Environmentally conscious Clintonville may be on its way to having bragging rights on the subject, but the steps needed to formally become a GreenSpot Neighborhood have been put on hold by an injury timeout.
At the Clintonville Area Commission meeting July 5, neighborhood liaison Katherine H. Cull raised the prospect of the panel leading a push for achieving the GreenSpot distinction.
Founded in 2008 by former Columbus Mayor Michael B. Coleman, GreenSpot is a place where people in Columbus go to learn about living and working greener and commit to doing it -- in their homes, businesses and communities, according to the initiative's website: Columbus.gov/GreenSpot.
Clintonville would join the ranks of the Discovery District, Sawmill Place Area and German Village in doing so.
Cull told commission members she would have David Celebrezze, the city's GreenSpot coordinator, provide a briefing at the Aug. 2 meeting.
However, Cull said, she had offered Celebrezze's appearance before finding out he has a knee injury and won't be available for the next meeting, but he might be able to attend the following meeting Sept. 6.
"Certainly a lot of people in Clintonville already do these things," CAC Chairwoman Libby Wetherholt said. "It's just a matter of making sure enough people know about the effort and take the time to make the pledge."
"I think Clintonville would be the perfect neighborhood for this," Cull said.
"GreenSpot Neighborhood is a great way to bring together residents and businesses to make commitments that are unique for your neighborhood, commitments that help everyone live and work a little greener," the website states. "Benefits of being a GreenSpot Neighborhood include receipt of best practices for environmental and financial benefits, support from the city to develop your plan, and recognition from the city through GreenSpot social media and two GreenSpot Neighborhood signs installed at entry points to your neighborhood."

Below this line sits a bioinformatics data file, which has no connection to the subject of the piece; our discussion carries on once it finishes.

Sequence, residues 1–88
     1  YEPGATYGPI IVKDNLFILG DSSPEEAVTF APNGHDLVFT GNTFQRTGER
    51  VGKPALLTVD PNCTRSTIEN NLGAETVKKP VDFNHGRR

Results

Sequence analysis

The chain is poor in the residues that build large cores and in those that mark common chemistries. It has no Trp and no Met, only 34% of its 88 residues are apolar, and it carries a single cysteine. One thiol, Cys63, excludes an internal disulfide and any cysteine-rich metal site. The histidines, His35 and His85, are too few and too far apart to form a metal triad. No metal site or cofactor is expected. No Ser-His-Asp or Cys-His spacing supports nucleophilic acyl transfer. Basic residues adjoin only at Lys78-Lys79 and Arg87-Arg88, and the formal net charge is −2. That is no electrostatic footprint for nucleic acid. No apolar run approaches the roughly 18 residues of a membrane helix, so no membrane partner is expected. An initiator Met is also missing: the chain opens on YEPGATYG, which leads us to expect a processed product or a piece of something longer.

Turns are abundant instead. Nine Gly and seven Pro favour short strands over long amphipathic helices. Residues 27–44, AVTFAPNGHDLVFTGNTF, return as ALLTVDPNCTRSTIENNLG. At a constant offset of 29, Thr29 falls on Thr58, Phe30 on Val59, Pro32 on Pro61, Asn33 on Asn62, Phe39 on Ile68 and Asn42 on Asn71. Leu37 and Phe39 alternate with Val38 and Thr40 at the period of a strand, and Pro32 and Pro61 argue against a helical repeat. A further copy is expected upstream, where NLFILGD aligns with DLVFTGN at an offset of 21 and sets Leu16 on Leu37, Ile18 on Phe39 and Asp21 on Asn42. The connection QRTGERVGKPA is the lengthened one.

Becoming a GreenSpot Neighborhood involves contacting the program's coordinator, bringing together businesses, community groups and individuals, developing and implementing an action plan and reporting on the successes and challenges involved.
"After one year the GreenSpot coordinator will determine if your neighborhood is ready to be designated a GreenSpot based on progress made toward stated goals and an ongoing commitment to sustainability," the site adds.
Wetherholt said organizing all of Clintonville into a single movement might be a daunting task.
"That's a lot of people to get involved," she said. "It might be easier to go street by street."
Wetherholt said CAC members might consider recruiting people within their districts to help lead GreenSpot efforts.